Webinar vs Podcast – 3 Key Differences – Which One to Use For Your Business
Since the pandemic, face-to-face marketing has gone out of style. So how do you add a personal touch to your business?
Webinars and podcasts are two options which allow prospective customers to really get to know you as a brand. Let’s dive into what these mediums have to offer.
What is a webinar?
A webinar is a seminar held over the web: a live event hosted on a video conferencing platform.
In the past, offices relied on PBX phone systems. What is a PBX phone system? It’s a private telephone network used within a company. With this, companies can use cloud-based solutions to host conference calls or webinars.
During a webinar, speakers will address an audience who participate remotely from their homes and workplaces. Speakers present using webcams and microphones, and display slideshows, videos or other multimedia elements.
The audience can speak during Q&A segments, participate in surveys or otherwise contribute using the chat function.
Like any event, webinars have set start and end times. Attendees sign up using an event registration platform. They receive the link to access the video call in advance of the broadcast. Most webinars last around an hour.
What is a podcast?
A podcast is a set of audio files. Though originally named after the Apple iPod, it has taken on a life of its own.
Podcasts are often accessed online, where they can be downloaded to your device or listened to in a browser via a website or audio streaming service.
Because a podcast is an audio product, the sound must be clear and crisp. Podcasters require a good quality microphone and set of headphones, and comprehensive podcast audio recording software and editing software. ID3 editors are also used to edit the files’ metadata, eg. the track titles and artist names.
Why are they different?
There are a few key differences between a webinar and a podcast. Whichever one you choose will depend on your needs and priorities as a business. It will also depend on the resources you can spare.
Webinars are live. Podcasts are pre-recorded
Webinars are events, while podcasts are produced ahead of time. Although webinars can be filmed and rewatched by attendees later, attending the webinar is a live experience.
Webinars are interactive. Podcasts aren’t
Though webinars and podcasts both include an element of presentation, podcasts feature expert discussions on a topic for an audience to consume and enjoy. Webinars may have surveys, Q&As and further opportunities for participation.
Podcasts cannot be monetized – Webinars can
Podcasts are always free. You can include ads or sponsorships, and ask your audience to visit your business’ web presence, but audiences will not pay to listen.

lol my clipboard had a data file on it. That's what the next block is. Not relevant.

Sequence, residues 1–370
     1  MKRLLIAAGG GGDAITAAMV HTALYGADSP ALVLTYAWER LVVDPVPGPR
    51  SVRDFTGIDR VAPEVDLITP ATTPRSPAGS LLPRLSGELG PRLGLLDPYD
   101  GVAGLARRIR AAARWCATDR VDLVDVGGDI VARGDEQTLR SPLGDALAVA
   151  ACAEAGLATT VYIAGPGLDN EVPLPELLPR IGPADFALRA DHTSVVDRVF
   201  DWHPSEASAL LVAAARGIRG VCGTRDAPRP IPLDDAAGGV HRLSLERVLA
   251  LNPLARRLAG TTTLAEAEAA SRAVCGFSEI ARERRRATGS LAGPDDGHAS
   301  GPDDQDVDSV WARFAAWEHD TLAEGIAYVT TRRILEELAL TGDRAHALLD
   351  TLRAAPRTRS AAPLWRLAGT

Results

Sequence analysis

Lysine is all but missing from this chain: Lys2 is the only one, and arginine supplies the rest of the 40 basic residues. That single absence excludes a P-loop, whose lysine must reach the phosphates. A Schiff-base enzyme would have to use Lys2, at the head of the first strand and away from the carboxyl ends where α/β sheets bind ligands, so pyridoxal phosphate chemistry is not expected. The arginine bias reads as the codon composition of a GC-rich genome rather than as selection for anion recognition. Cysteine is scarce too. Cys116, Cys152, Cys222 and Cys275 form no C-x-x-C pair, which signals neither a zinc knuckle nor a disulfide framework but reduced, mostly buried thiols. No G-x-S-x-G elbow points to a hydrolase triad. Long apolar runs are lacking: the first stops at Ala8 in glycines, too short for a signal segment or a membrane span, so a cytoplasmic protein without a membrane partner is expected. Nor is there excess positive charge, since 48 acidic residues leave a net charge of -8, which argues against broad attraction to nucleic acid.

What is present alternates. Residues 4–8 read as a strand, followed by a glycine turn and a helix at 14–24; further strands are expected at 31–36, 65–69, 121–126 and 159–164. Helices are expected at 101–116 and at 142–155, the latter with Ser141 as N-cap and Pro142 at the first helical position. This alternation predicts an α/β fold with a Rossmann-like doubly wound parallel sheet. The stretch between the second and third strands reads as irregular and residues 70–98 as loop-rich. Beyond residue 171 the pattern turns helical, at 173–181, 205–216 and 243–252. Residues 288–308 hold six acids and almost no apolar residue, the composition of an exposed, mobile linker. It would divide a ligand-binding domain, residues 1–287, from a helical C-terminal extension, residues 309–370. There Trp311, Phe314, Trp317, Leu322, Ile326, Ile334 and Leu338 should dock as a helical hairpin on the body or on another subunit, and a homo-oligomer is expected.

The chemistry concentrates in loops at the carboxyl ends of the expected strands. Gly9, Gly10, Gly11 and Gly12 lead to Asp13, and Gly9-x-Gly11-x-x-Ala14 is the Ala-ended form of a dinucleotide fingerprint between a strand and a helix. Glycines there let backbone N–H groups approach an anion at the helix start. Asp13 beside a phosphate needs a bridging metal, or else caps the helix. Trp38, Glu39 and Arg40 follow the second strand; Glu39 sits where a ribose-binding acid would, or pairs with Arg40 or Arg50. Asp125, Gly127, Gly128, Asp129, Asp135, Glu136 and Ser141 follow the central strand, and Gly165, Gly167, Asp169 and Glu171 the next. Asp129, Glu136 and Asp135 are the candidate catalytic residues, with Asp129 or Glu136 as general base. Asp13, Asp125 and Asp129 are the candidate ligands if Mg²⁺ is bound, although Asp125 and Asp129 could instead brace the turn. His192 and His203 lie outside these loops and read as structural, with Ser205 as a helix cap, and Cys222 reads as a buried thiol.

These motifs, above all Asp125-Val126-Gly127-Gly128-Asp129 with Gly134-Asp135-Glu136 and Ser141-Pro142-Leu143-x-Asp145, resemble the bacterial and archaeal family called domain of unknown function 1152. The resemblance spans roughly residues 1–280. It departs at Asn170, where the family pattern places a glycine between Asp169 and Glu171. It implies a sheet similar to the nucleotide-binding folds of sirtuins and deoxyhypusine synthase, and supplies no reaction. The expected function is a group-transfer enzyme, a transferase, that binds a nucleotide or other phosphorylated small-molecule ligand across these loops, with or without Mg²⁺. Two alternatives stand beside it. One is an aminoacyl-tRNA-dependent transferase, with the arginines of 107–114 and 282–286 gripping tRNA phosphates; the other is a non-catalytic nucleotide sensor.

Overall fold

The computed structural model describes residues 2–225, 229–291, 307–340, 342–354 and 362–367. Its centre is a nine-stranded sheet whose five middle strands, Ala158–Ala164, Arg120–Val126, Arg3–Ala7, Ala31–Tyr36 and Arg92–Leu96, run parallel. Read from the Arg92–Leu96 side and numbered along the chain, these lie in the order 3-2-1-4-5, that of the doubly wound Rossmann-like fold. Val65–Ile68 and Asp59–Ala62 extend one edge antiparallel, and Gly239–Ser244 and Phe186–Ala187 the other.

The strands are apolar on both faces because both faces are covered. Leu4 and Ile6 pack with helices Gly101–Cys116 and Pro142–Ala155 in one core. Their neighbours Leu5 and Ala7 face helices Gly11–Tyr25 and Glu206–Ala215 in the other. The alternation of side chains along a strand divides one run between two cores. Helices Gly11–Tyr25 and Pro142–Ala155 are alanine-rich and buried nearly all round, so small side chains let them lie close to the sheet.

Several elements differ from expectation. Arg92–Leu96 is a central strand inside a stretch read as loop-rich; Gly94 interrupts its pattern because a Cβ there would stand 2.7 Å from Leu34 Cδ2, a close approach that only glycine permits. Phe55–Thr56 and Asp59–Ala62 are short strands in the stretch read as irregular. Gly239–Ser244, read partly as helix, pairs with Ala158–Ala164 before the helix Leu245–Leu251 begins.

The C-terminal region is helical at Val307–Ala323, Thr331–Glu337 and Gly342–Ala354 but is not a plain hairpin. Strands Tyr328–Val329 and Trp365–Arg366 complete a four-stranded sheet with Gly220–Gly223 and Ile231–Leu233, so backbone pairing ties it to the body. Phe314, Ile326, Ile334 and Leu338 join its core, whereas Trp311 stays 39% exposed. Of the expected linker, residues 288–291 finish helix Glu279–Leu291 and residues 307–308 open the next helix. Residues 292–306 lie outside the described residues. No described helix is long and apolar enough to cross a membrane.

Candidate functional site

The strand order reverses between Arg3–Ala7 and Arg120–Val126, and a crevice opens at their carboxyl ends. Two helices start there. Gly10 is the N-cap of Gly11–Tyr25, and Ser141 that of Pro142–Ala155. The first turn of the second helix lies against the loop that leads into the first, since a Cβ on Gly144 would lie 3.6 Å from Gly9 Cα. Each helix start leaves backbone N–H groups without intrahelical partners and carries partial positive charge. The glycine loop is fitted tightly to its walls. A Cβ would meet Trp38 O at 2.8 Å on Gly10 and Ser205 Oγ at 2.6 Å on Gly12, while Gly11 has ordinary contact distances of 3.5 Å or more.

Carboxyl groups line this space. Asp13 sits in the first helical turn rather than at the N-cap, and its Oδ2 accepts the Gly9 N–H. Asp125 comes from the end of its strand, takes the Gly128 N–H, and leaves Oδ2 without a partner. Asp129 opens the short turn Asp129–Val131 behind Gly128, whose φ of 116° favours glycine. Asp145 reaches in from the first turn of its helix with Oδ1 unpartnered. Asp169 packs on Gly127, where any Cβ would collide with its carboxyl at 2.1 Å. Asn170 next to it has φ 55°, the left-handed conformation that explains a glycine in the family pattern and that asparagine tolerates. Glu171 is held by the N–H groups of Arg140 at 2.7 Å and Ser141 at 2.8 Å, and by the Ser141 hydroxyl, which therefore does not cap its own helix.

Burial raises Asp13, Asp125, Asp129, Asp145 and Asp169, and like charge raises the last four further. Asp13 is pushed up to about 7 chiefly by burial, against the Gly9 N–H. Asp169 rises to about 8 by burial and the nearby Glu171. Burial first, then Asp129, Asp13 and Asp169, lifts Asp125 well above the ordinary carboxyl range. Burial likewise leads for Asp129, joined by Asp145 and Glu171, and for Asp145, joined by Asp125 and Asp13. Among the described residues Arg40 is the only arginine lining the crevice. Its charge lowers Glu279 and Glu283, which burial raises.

Most webinars are free to attend, but they can be monetized. Highlight Call to Action links for your audience to check out your business. Since a webinar is more of a two-way conversation, audiences are more likely to engage with your product.
So which should you choose for your business?
Webinars: the advantages
Targets relevant audience
Webinars are invite-only, so your audience members have already taken their first steps towards engaging with your product.
Use your webinars to convert those leads into sales by giving an informative presentation which demonstrates how your products can benefit the customer. Show customers how to find more information about your company and product, including your automated self service system.
Builds customer relationships
Webinars provide opportunities for organizers and speakers to communicate with attendees personally, through Q&A sessions and the chat function. Polls and surveys can also be conducted during webinars to obtain customer feedback in real time.
This is a fantastic way to gain the trust of new potential customers, showing you care about their individual needs and interests.
Multimedia elements create engagement
Research shows that people learn more deeply when visual elements are included in a presentation. Luckily, webinars provide this option. Why not make the most of it during your workshops and product demos?
For example, if your topic is “What is a DBA?”, break the topic down into bullet points: the definition, purpose, and when a DBA is necessary for your business. Use images and highlight key phrases and sentences with bright colors.
As well as a slideshow, include pictures, animation, videos and an interactive whiteboard for a dynamic and entertaining experience.
As mentioned above, it’s possible to host paid webinars. The registration link can be shared after the transaction is complete. Plus, webinars can capitalize on having a group of leads in the room. You can direct them to a sign-up link.
Generally, the screen share and chat function options makes it easier to share links and content during a webinar. Incentivize your attendees to sign up by offering free workbooks, demos and templates, such as a web design proposal sample doc.
Webinars: the disadvantages
Although the conversion rate is high, webinars typically have fewer attendees than podcasts have listeners. After all, a webinar is a one-off, exclusive event.
Unlike a podcast, a webinar includes many complex elements. You need to research and write the presentation, design a slideshow, and source additional materials.